The Republican takeover of Congress following the 2014 midterm election has the potential to create gridlock with President Barack Obama on several key initiatives.
One possible exception? Broad-based tax reform.
Obama, Sen. Mitch McConnell, soon-to-be majority leader, and House Speaker John Boehner all have indicated that tax reform is a potential point of bipartisan agreement.
There is wide concensus among politicians and the public that the tax code is inefficient and unfair.
Though the rhetoric in Washington, D.C., may seem to favor a push on progress, broad-based individual tax reform is not possible in the short-term, though other opportunities for reform may still exist, says an expert on federal income tax and tax law at Washington University in St. Louis.
Here, Adam Rosenzweig, JD, professor of law, and author of the 2013 paper, “A Corporate Tax for the Next One Hundred Years: A Proposal for a Dynamic, Self-Adjusting Corporate Tax Rate,”
shares his thoughts on the possiblity of tax reform in the lame-duck session:
“Simplification of the tax law is often held up as the primary goal of any tax reform. The difficulty with simplification as a goal is that not everyone agrees as to what it means or how it should be accomplished. After all, a 100-percent tax on all income of every taxpayer is equally as simple as having no income tax at all. Thus, traditionally it has been very difficult to achieve any significant simplification through tax reform in the political process.
“The one exception, the Tax Reform Act of 1986, is often pointed to as the gold standard of tax reform and simplification. While the 1986 act added several complex provisions to the tax law, it achieved several goals of simplification. It significantly lowered the statutory tax rate on ordinary income for individuals and reduced the number of tax brackets. It equalized the tax rate applicable to ordinary income and capital gains. It did away with a number of complex personal deductions. This approach is often referred to as ‘broadening the base and lowering the rate.’
“Any new move towards tax reform will also likely involve some form of broadening the base and lowering the rate. Two difficulties arise in this context, however. The first has to do with who benefits and who loses under such an approach.
“A broader base means some people will pay tax on more of their income, while a lower rate means some people will receive a tax cut. As a political matter, not everyone agrees how this trade-off should be made.
“The second has to do with how to calculate the effects of tax reform. Traditionally, tax reform has been measured against current law as if nothing else changed. Thus, a cut in tax rate would result in an estimated loss in revenue. Some argue, however, that lower rates will stimulate higher growth, which should be taken into account in calculating the costs of tax reform. This so-called ‘dynamic scoring’ has been controversial, and could well prove a sticking point in any tax reform.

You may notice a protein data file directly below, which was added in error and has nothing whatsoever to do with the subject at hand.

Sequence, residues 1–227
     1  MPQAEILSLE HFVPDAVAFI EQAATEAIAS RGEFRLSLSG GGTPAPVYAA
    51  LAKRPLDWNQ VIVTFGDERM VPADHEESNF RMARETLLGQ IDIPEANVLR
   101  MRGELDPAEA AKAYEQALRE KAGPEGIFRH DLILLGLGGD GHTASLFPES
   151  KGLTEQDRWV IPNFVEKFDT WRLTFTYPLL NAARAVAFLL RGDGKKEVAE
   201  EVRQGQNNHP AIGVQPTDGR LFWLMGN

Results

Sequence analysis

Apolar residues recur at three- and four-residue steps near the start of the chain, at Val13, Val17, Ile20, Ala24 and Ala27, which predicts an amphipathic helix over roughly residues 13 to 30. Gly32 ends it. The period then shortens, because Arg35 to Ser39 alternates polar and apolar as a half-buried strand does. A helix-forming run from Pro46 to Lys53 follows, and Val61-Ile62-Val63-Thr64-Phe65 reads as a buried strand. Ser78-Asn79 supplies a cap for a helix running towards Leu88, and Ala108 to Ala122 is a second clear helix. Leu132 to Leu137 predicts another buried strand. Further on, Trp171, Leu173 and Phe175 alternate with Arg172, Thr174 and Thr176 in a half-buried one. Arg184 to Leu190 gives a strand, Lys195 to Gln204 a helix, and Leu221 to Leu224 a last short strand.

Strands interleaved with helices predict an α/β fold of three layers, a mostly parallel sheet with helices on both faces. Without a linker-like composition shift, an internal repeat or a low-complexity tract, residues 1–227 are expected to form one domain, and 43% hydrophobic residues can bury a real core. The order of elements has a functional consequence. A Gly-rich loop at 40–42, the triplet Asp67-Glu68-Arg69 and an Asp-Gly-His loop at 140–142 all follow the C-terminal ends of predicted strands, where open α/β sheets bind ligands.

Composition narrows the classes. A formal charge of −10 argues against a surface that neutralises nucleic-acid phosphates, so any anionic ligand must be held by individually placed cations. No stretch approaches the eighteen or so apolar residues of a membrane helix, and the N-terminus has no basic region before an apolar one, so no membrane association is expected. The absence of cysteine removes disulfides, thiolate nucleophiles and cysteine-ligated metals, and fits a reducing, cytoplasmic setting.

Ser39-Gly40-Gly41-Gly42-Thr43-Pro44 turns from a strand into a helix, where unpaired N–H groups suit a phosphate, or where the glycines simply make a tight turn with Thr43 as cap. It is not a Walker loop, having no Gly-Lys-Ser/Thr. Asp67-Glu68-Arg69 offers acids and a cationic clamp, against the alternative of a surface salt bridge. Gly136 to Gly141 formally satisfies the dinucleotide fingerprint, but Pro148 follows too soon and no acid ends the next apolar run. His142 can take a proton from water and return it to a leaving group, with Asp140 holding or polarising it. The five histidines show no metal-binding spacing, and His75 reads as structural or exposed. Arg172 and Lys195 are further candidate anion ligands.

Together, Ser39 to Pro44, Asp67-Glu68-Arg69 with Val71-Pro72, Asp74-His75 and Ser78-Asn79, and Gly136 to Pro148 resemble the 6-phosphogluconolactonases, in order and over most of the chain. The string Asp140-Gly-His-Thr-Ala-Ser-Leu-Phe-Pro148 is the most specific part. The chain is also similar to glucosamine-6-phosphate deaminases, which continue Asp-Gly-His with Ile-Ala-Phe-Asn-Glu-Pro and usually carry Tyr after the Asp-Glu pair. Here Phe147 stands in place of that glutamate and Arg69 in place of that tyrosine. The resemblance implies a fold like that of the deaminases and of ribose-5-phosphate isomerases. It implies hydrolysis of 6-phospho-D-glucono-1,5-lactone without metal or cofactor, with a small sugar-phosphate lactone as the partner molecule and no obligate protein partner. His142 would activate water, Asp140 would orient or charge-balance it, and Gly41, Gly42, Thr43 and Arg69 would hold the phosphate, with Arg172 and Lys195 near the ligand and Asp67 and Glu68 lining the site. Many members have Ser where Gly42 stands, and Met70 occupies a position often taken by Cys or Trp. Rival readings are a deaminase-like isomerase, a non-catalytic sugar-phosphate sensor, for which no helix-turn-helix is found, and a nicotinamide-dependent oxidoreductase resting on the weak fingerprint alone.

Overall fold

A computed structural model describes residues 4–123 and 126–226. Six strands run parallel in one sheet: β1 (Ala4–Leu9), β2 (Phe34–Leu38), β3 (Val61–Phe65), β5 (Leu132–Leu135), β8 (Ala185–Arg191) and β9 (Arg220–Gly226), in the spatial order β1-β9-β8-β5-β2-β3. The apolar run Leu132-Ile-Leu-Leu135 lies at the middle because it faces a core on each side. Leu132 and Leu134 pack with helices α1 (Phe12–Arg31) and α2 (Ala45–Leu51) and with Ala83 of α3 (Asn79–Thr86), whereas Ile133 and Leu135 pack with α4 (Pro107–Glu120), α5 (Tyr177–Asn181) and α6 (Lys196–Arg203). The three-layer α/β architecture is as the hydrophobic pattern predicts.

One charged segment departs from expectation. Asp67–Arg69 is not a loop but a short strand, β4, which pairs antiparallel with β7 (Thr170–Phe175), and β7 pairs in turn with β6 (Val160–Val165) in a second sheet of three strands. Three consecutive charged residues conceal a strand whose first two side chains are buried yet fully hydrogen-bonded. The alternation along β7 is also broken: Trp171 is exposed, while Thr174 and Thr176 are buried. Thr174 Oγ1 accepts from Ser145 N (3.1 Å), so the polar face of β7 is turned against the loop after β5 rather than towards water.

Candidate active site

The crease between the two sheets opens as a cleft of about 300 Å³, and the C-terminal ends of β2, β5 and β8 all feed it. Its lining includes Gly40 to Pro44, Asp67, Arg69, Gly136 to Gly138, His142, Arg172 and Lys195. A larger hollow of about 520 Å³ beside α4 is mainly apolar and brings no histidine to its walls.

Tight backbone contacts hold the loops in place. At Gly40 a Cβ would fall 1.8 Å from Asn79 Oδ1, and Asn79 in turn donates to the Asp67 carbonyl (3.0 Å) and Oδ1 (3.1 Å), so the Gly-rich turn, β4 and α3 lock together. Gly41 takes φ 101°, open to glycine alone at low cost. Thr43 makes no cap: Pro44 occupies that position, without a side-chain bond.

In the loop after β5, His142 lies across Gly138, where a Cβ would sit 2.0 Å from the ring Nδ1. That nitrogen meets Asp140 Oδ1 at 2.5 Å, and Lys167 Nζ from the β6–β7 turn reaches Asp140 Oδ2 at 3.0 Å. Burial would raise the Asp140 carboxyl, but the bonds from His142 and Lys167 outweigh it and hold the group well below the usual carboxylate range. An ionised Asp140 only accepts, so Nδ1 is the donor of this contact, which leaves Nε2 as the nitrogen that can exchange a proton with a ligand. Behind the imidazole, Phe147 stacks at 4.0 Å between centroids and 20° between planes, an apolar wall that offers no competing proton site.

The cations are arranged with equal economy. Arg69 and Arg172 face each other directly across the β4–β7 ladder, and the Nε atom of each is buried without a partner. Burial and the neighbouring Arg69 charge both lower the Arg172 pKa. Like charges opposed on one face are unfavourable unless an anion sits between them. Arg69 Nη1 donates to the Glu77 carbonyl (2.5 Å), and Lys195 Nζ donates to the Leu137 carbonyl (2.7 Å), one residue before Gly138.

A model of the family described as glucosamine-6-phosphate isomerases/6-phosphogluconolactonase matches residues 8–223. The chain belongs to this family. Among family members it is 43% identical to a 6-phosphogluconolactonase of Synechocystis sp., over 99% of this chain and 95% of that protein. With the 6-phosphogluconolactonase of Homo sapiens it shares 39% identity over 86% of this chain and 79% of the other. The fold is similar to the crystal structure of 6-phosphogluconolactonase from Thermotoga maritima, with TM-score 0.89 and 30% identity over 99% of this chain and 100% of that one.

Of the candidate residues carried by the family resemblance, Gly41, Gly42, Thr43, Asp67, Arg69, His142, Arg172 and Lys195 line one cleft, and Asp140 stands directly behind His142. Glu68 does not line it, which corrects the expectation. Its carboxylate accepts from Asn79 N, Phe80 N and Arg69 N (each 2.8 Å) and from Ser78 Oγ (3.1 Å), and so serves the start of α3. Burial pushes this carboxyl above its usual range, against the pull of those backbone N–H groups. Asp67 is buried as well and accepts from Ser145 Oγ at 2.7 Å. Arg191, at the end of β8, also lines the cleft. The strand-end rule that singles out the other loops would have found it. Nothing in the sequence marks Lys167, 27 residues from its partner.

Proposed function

“For these reasons, broad-based individual tax reform along the lines of the 1986 act may not be possible in the short-term.
“However, there may be other opportunities. For example, one area where interests may align could involve lowering the corporate tax rate.
“The United States currently has the highest nominal statutory corporate tax rate of any OECD (Organisation for Economic Co-operation and Development) member country. In addition, there has been significant interest in preventing multinational corporations from avoiding U.S. tax through maneuvers such as ‘inversions’ and ‘Double Irish’ structures, among others. Thus, one potential compromise could involve lowering the corporate tax rate in exchange for cracking down on these types of corporate tax avoidance.
“The difficulty with corporate tax reform is that nobody knows who really bears the cost of corporate taxes. It could be shareholders through lower dividends or it could be workers through lower wages.
“Thus, it is possible that no agreement could be reached if there is no consensus on who would benefit and would be hurt by any corporate tax reform. One solution I have proposed in the past would be to tie the corporate tax rate cut to corporations increasing wages and salaries of workers.
“This could be a win-win, so to speak. Under that approach, corporations would receive a significant tax cut, but only on the condition that part of it go directly to workers in the form of increased wages or new hiring.
“Such a proposal could bridge the gap on corporate tax reform between those on the left and those on the right. In this modern economy and political climate, it may be necessary to think more creatively along these lines for any tax reform to occur, rather than to try to replicate what happened in 1986.”